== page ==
Item #007311 The Truth About Hitler in The Strand Magazine, November 1935. Winston S. Churchill.
The Truth About Hitler in The Strand Magazine, November 1935
The Truth About Hitler in The Strand Magazine, November 1935
The Truth About Hitler in The Strand Magazine, November 1935
The Truth About Hitler in The Strand Magazine, November 1935
The Truth About Hitler in The Strand Magazine, November 1935
The Truth About Hitler in The Strand Magazine, November 1935
The Truth About Hitler in The Strand Magazine, November 1935

The Truth About Hitler in The Strand Magazine, November 1935

London: The Strand Magazine, 1935. First edition. Periodical. This is the original and unexpurgated appearance of Churchill’s famous article about Hitler, titled “The Truth About Hitler”. Published in the November 1935 issue of The Strand Magazine, Vol. XC, No. 539, this was the headline, featured article, prominently advertised in a red banner at the top of the front cover, spanning pages 10-21 within, and including 24 photograph illustrations. This original periodical publication is not only quite scarce, but substantively and bibliographically significant, since the version published in Churchill’s book Great Contemporaries two years after the original magazine publication was quite significantly altered and re-titled “Hitler and His Choice”.

This copy of the November 1935 issue of The Strand Magazine is in very good condition. The wraps remain bright, complete, and fully attached. The binding shows only a slight forward lean, no appreciable spine toning, and no significant vertical spine creasing. There is light wear to the joints and extremities and some faint creasing to the rear cover. The contents remain bright. We find no previous ownership marks and no spotting.

The opening paragraphs of this fuller, 1935 version contain an entire paragraph about the question whether “history will pronounce Hitler either a monster or a hero” concluding “because the story is unfinished… we must… hope for the bright alternative.” This paragraph is excised from the 1937 version. Other small details are altered or excised, but by far the primary difference is the removal of the final six paragraphs. Churchill spends four of these six paragraphs describing and excoriating the horror of Hitler's bloody "Night of the Long Knives" purge (30 June 1934). Churchill’s closing paragraphs about Hitler clearly echo the defiant, combative, and implacable Nazi foe Churchill would become as wartime Prime Minister less than five years after this article was published. But in 1935, Churchill was still a political outcast, out of power and out of favor. So it is all the more remarkable, then, that The Strand would not only print, but overtly solicit this piece from Churchill.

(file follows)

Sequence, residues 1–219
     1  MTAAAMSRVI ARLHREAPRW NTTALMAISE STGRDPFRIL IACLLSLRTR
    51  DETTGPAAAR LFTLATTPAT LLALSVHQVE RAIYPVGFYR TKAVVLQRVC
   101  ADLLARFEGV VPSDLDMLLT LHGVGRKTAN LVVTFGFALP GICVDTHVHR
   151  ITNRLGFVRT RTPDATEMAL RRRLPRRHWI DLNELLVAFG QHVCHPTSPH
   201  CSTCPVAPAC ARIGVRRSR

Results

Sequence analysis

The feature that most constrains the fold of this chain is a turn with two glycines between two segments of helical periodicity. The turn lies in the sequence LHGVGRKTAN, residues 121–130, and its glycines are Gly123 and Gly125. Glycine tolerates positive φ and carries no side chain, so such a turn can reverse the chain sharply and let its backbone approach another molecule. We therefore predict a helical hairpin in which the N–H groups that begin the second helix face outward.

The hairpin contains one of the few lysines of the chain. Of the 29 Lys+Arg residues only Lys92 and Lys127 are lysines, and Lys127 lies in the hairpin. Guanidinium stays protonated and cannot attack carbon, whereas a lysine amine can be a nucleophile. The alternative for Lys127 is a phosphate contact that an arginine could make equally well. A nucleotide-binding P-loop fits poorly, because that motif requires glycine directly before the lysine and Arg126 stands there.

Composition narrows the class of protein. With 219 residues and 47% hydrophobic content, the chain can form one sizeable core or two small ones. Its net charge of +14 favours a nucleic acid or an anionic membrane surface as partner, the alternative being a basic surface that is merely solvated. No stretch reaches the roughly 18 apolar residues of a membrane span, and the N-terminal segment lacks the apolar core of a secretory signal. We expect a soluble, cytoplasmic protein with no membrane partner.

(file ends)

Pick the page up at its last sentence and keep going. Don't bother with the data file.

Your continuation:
On 15 May 1935 The Strand editor Reeves Shaw wrote to Churchill asking specifically for “an article entitled ‘The Truth About Hitler’” and specifically requested “…be as outspoken as you possibly can in your appraisement of Hitler’s personality and ambitions, and absolutely frank in your judgment of his methods.” (Gilbert, Vol. V, C.V. 2, p.1175) Equally surprising is Churchill’s harsh criticism of the German people for their complicity in Hitler’s reign. Throughout the Second World War, Churchill’s speeches are noteworthy for distinguishing the inherent virtues of peoples from the deficiencies and vulgarities of their leaders. Here, in the final two paragraphs, Churchill extends his indictment of Hitler to the German people themselves: "But the astounding thing is that the great German People, educated, scientific, philosophical, romantic... have not only not resented this horrible blood-bath, but have endorsed it and acclaimed its author with the honours not only of a sovereign but almost of a God."

Churchill's final paragraph asks: "Can we really believe that a hierarchy and society built upon such deeds can be entrusted with the possession of the most prodigious military machinery yet planned among men?" The comparatively tamed and truncated version published in Great Contemporaries in 1937 is a marked contrast. Ironically, Churchill’s 1937 version can be seen as a more conciliatory and restrained appraisal of Hitler, perhaps reflecting Churchill’s earnest desire to avoid the war that he would fight with such ferocious resolve only a few years later.

Reference: Cohen C481, Woods C282. Item #007311

Price: $400.00

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